2013 International Collaborations

U.S. AMLR Scientists Collaborate with International Researchers to Study the Summer Ecosystem around the South Shetland Islands: Austral Summer 2013

Although the U.S. AMLR Program has recently shifted its focus to studying the winter ecosystem in the western Antarctic Peninsula region, collecting summer data on zooplankton distribution and abundance and estimating summer Antarctic krill (Euphausia superba) biomass remain key objectives of the program. Collaborations with international Antarctic programs have enabled the U.S. AMLR Program to maintain its summer presence in the Southern Ocean and to collect valuable data on summer processes that may affect predator foraging, reproductive success, and survival.

Currently, Ryan Driscoll is aboard the German R/V Polarstern, participating in a krill and plankton survey in northwestern Weddell Sea. The study objectives are to describe the size and age distribution, growth, maturity, mortality, and larval development of the zooplankton community in this area, and will provide valuable information to the Convention on the Conservation of Antarctic Marine Living Resources (CCAMLR). The cruise departed on 20 January 2013 and will return to Punta Arenas, Chile, on 19 March 2013. Click here for cruise tracklines. Please see below for weekly updates from the R/V Polarstern.

Tony Cossio is currently aboard the Peruvian BIC Humboldt, where he working with the Peruvian Antarctic Program (IMARPE) to provide expertise in the acoustic methods used to estimate krill biomass, and where he is working with a team of zooplankton scientists to collect data on the distribution and demography of krill. The cruise departed on 20 January 2013 and will return to Punta Arenas, Chile, in mid-March.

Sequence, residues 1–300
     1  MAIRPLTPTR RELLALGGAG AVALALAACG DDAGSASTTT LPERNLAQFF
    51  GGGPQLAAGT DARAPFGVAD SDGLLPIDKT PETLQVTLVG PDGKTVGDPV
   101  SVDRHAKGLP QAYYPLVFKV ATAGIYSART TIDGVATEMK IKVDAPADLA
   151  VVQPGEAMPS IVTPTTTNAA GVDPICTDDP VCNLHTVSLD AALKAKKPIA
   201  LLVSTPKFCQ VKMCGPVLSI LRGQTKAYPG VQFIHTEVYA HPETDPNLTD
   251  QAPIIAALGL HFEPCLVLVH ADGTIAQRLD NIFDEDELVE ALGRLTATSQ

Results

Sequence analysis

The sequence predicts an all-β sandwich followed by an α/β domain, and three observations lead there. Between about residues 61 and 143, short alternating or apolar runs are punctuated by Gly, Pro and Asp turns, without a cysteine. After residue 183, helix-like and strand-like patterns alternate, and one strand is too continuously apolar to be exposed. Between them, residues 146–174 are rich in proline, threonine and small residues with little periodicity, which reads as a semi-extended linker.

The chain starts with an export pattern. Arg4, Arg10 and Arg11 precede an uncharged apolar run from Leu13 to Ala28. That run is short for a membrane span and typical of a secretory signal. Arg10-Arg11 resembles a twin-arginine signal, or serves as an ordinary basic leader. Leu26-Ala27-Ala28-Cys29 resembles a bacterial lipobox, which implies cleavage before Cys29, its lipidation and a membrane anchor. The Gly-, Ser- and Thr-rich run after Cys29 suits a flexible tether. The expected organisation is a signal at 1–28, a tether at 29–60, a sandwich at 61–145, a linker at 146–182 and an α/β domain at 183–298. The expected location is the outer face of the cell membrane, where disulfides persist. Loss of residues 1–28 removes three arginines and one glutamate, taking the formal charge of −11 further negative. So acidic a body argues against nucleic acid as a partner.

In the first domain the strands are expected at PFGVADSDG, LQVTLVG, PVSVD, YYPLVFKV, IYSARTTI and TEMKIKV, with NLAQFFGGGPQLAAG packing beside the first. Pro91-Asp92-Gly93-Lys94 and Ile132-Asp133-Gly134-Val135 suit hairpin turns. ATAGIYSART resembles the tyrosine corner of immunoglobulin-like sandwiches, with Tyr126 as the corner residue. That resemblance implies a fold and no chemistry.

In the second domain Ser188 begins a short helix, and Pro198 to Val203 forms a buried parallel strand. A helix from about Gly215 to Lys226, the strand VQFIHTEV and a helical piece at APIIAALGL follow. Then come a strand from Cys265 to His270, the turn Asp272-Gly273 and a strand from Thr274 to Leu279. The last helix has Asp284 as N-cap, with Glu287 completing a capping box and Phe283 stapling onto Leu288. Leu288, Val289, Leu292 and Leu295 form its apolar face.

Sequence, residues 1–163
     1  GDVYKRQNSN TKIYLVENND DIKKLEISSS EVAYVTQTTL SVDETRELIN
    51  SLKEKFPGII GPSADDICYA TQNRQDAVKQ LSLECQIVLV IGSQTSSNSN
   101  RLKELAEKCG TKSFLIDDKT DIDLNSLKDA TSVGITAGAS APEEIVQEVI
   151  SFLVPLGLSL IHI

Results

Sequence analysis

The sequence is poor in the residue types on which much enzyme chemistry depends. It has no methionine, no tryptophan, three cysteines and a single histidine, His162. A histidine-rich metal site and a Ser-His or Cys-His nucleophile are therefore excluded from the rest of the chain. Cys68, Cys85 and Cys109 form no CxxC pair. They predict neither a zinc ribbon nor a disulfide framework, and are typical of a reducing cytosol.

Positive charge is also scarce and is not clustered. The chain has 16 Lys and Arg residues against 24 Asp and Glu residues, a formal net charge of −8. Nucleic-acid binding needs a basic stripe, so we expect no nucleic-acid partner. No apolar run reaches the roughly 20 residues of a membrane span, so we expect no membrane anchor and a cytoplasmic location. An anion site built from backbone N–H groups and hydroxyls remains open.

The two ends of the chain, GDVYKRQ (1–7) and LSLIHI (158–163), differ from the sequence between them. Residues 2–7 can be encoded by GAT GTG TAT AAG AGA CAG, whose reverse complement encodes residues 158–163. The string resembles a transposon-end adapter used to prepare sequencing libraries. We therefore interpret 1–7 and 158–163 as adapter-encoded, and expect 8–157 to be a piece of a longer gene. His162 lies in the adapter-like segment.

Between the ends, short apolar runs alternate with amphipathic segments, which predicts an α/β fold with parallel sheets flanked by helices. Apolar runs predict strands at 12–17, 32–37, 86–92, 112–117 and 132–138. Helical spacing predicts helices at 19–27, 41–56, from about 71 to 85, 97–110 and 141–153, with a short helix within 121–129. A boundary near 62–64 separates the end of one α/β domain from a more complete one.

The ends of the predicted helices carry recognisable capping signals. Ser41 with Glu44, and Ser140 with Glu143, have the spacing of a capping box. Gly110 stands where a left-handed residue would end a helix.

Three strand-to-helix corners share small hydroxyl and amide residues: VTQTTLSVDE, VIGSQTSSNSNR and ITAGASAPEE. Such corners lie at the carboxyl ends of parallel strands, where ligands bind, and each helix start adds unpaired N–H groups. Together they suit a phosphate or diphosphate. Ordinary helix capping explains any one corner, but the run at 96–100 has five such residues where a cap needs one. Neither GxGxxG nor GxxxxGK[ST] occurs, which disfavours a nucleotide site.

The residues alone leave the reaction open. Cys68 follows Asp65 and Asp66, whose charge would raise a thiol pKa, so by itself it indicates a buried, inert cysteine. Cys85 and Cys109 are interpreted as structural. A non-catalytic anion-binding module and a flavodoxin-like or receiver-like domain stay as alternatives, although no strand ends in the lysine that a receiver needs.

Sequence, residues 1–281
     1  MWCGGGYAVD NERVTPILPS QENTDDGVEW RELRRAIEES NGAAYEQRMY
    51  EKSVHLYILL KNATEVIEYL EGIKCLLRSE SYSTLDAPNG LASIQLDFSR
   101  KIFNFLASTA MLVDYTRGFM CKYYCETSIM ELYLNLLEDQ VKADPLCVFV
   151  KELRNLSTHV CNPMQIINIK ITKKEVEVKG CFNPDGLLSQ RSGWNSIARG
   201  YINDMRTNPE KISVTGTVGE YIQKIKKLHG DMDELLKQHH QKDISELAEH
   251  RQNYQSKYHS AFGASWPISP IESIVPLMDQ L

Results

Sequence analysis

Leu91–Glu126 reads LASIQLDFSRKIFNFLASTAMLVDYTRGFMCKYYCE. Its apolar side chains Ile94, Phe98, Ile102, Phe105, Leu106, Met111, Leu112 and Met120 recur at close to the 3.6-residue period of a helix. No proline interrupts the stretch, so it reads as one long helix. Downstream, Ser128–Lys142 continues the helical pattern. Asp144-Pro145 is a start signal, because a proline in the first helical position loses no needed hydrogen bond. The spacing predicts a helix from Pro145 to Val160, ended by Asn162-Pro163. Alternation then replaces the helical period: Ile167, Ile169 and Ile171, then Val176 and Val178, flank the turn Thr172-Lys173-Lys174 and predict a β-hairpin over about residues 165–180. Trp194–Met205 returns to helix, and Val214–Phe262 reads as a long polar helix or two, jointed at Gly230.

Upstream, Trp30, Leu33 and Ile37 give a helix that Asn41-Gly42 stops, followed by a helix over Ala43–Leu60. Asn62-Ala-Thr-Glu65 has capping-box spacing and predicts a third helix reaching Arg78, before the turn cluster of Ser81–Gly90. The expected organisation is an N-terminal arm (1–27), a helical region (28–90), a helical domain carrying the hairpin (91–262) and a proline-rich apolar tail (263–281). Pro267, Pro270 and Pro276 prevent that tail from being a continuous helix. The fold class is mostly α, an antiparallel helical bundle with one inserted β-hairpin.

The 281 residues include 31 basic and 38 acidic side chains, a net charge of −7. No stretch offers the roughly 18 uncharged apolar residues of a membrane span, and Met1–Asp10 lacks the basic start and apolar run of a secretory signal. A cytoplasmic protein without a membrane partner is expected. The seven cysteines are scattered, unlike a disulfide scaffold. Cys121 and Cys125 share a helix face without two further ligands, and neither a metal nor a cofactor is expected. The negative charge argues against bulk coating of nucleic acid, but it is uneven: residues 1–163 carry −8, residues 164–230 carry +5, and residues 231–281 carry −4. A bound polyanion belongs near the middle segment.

Polarstern 2012

R/V Polarstern photo credit: Alfred-Wegener-Institut fur Polar- und Meeresforschung

BIC Humboldt photo credit: www.larepublica.pe

Weekly Updates for the R/V Polarstern


Week 1: Punta Arenas

Week 2: On the way into the ice

Week 3: Diverse catches, muddy sediment samples, and first results of physical oceanography

Week 4: Searching for traces in the water and breaking the ice

Week 5: Krill: The mass occurrence of a small crustacean - still an attractive research topic

Week 6: Good-bye Weddell Sea! Hot Spot Discovered! Bransfield Strait, here we come!

Week 7: Scientific Images, precious mud, and bizarre life forms from the bottom of the sea

Week 8: A picture is worth a thousand words

Week 9: Last samples, all done, packing, cleaning, writing up - goodbye!